worried about SC roos getting frostbite/sterility

Discussion in 'Managing Your Flock' started by jmc, Nov 18, 2011.

  1. jmc

    jmc Chillin' With My Peeps

    Jul 22, 2008
    South Central MA
    I have read from good sources that a frostbitten comb can result in sterility in a rooster. SC roos are esp. susceptible. I am worried about losing my roos fertility to frostbite.

    I know all about the "vaseline/bag balm on the comb" thing, but even that seems a pretty slim defense against a MA late December--February.

    I am worried about this, and I don't know if i'll be able to apply it as often as they need.

    Yet so many raise SC roos up north, maybe it isn't that bad????????????

    I just DON"T want sterile roos!!
  2. sourland

    sourland Broody Magician Premium Member

    May 3, 2009
    New Jersey
    I'm looking forward to the responses to this. I have had many roosters with frozen combs (natural dubbing) and it never affected their fertility. Their gonads are a long way from their combs. Doesn't seem logical. [​IMG]
  3. GAchick

    GAchick Chillin' With My Peeps

    Apr 29, 2009
    Pembroke GA
  4. BWKatz

    BWKatz Chillin' With My Peeps

    May 22, 2010
    What is a SC roo?
  5. jmc

    jmc Chillin' With My Peeps

    Jul 22, 2008
    South Central MA
    sc means 'single comb'

    actually one of the reasons for dubbing is to prevent frostbite and attendant infertility issues.........................

    i know for certain that at least temporary infertility can result from a frozen comb
  6. Pele

    Pele Chillin' With My Peeps

    Feb 25, 2011
    Hrm, this is an interesting thread.

    At first glance, it seems silly that fertility would be affected by frostbite to the comb, especially since roosters carry their 'equipment' (at work and have to use euphamisms) internally.

    However, upon further reflection, it does seem plausable that the rooster's body would involve it's resources to repairing damage to itself, rather than maintaining fertility. Especially since frostbite can turn gangrenous, and would be a much higher priority item to attend to.
  7. wyododge

    wyododge Chillin' With My Peeps

    Sep 30, 2011
    I would like to see the 'good sources'. The only way I could think that it would affect virility is if there were a bunch of roosters, and the visual appearance of the comb reduced his dominance some how.

    Not sure how a single roo, with his own harem would be affected by it.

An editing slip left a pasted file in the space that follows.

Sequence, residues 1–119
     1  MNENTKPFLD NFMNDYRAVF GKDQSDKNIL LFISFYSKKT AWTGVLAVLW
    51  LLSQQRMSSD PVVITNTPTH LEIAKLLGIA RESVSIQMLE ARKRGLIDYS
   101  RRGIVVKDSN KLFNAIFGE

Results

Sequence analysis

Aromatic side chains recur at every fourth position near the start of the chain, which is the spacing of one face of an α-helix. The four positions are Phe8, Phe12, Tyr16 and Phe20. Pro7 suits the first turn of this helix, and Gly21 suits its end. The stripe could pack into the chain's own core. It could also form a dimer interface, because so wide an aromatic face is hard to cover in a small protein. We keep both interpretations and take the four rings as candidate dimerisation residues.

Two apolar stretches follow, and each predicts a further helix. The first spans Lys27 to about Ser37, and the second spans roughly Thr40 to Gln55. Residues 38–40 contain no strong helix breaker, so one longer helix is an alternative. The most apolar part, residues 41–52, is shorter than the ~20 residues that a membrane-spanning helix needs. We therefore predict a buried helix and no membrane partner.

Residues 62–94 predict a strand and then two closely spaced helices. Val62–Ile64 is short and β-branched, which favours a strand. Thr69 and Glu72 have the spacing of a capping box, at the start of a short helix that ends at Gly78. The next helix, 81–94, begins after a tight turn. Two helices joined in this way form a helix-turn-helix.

Sounds kinda like one of those elderly mother stories...
  8. Dead Rabbit

    Dead Rabbit Chillin' With My Peeps

    Apr 28, 2010
    SC- straight comb ............too.

    does not affect sterility. old wives tale. if your worried about it. dub him. or at least cut the points off his comb, this will help, but not a sure fire way to prevent it. even PC roosters will get frost bite. only way to totally prevent is dub the comb totally off.
  9. jmc

    jmc Chillin' With My Peeps

    Jul 22, 2008
    South Central MA
    yes, it does seem strange to me also, that published breeders should mention such.

    this is why i posted the thread, to get some feedback from others.
    The experience of some, even if they be 'high level and authors', doesn't translate into a 'universal law' now, does it?!

    precisely why i started this thread...................glad for all input
  10. jmc

    jmc Chillin' With My Peeps

    Jul 22, 2008
    South Central MA
    this is actually NOT one of the sources i was referring to, but it took me 30 sec. to find this online.

    So this is not just fantasy:

    Frozen comb in roosters
    When the temperature drops and we have a hard frost, roosters with large combs can get frostbite to their combs. The result is parts of the comb and/or wattles that turn black and eventually die off. This can occasionally cause infertility during the breeding season the next spring. The problem normally occurs with birds that have large combs, such as leghorns. Rose comb birds are not affected and hens don't have this problem because they sleep with their heads tucked under their wings during cold weather.

    The cockerel's comb is most at risk when the humidity in the house is high and the temperature drops below freezing outside. If your chickens live in a well-insulated house or one with poor ventilation, this tends to be when they are at a greater risk.


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